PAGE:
B2B Articles - August 30, 2017

What are Buyers Saying about B2B Company Content

B2B company content can be very hit or miss. Sometimes executives like to discuss topics simply not interesting to the reader. At other times, companies make big announcements via content channels that might not be appropriate for outside readers. So what do buyers say about B2B company content overall?

Based on Statistica’s report which discusses content marketing in the United States, it seems buyers have some interesting thoughts on company content overall. Since B2B marketers allocate 28% of their total marketing budget to content marketing (Content Marketing Institute), these marketers should know what buyers like and dislike. Let’s dive in and examine the implications of these statistics on B2B content marketing campaigns.

Content communication models

75% of buyers prefer when companies select a few channels to communicate with customers and do it well.

This is a very big mistake both B2B and B2C companies make: trying to use all the channels available and using none of them well.

For B2B marketers, selecting the right channels is important in reaching the target audience. On average, B2B companies use six channels to distribute content, and the most important B2B marketers noted, according to Content Marketing Institute, are email, LinkedIn, print, YouTube, Twitter, and Slideshare. Users want consistent content, which means B2B marketers must decide where the content does well and stick to those channels. Just because there are many, many social media networks out there, doesn’t mean the audience uses them all.

75% of buyers think that when a brand is funny, it helps them be more relatable.

Trying to “be funny” can be a B2B company’s nightmare, but it can be done. Take Zendesk, a customer service software that balances between humorous and professional in their Twitter account.


While the company provides a serious service to its professional clients, they use Twitter to have fun with customers and lighten the conversation. B2B content writers don’t always have to be serious, especially on social media channels. But, just remember, if you’re going to use comedy, make sure it is not offensive to anyone.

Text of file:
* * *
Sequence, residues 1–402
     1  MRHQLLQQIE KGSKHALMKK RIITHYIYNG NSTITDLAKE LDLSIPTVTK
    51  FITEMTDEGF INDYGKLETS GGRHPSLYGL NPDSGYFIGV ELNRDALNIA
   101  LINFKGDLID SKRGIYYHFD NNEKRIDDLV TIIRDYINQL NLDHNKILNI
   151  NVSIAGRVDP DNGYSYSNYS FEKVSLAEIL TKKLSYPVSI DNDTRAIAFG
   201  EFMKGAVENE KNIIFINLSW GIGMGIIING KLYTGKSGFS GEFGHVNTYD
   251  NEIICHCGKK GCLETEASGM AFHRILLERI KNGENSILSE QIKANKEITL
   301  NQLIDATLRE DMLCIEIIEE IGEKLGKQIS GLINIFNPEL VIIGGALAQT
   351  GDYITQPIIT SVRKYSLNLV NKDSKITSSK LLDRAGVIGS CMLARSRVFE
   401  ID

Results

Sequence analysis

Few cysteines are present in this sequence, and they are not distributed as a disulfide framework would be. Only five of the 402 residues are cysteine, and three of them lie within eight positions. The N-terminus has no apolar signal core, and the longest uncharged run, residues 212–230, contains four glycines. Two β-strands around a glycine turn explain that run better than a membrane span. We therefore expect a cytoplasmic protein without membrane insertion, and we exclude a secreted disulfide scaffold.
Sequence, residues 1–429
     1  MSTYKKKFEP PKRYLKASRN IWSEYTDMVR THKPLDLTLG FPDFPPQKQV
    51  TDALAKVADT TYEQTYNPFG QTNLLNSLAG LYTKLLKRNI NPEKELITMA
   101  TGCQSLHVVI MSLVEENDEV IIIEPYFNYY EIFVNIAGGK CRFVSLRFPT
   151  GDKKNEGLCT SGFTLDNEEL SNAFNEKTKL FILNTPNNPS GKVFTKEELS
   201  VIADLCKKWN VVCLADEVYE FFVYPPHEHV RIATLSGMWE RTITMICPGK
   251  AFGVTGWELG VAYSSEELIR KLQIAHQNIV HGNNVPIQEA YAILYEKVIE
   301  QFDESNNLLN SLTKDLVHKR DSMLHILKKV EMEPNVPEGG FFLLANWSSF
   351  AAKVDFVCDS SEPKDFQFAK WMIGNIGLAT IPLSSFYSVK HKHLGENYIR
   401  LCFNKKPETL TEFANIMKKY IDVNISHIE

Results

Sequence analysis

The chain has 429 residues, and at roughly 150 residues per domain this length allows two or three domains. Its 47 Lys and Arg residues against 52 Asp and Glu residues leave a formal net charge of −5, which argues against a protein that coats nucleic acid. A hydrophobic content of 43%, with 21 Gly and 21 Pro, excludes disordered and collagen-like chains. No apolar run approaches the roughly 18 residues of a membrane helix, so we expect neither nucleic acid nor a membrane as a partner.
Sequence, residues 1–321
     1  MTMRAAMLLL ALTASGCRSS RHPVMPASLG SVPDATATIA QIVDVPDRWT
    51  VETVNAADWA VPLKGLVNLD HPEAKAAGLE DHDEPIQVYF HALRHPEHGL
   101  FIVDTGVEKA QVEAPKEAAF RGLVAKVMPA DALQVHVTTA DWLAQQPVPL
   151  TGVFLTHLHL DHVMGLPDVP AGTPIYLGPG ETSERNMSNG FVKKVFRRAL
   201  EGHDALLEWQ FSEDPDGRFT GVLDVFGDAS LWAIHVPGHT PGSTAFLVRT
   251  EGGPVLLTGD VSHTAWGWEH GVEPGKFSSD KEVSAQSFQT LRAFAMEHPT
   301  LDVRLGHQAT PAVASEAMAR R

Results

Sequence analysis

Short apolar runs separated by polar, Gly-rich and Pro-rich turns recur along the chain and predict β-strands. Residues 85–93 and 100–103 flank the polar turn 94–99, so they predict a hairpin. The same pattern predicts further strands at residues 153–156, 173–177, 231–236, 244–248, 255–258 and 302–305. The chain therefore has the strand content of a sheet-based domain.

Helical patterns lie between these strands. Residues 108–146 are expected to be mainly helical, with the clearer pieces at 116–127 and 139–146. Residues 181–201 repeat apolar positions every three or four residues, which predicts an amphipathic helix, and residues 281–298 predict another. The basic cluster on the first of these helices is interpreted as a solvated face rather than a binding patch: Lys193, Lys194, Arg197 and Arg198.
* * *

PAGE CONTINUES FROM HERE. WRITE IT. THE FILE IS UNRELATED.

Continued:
73% of buyers think companies should focus on what they are uniquely good at to be authentic.

Buyers don’t want advice on restaurants from a company who sells software. Instead, buyers want to hear about the software industry, trends, and news. B2B content marketers should stick to what they know and discuss topics relevant to the platform or software. More importantly, writers should always relate news and content to buyer pain points, opportunities, values, and challenges.

By staying committed to a content marketing strategy, of which only 41% of B2B marketers are (Content Marketing Institute), writers will have success. Only 37% of companies have a documented strategy, so B2B content writers should write down a doable process and stick to the plan in order to deliver content to meet consumer demand.

50% of buyers say that if they follow a company’s content, they want to see more polished, curated content.

B2B companies must use a strong writer who can deliver polished, well-written content. What’s becoming more important for B2B companies is having content that matches the buyer’s position in the sales funnel. Buyers want to see content relevant to them. So, if they are highly technical potential buyers, they don’t want to see content that dumbs down certain concepts.

In order for B2B companies to handle both sets of stakeholders (technical and non-technical), they should implement marketing automation to segment these groups and target them appropriately. Personalizing content, as well as calls to action that comes at the end of that content, can help B2B companies engage readers and push them down the sales funnel.

B2B content marketing must be relevant to buyers and relevant to the buyer's stage in their decision process.

According to the Content Marketing Institute study, 78% of B2B content marketers use website traffic to measure success. This metric really does not give much information on how much of the content was digested, if the person clicked the CTA, or if this resulted in a marketing lead. Especially if the goal is lead generation, B2B marketers should use stronger metrics and tools to find out audience response. Heat maps, for example, can measure how much of the content the reader viewed and at what point they clicked off the page. Conversion assist data can be vital to measuring the relevance of content to a buyer's decision process.

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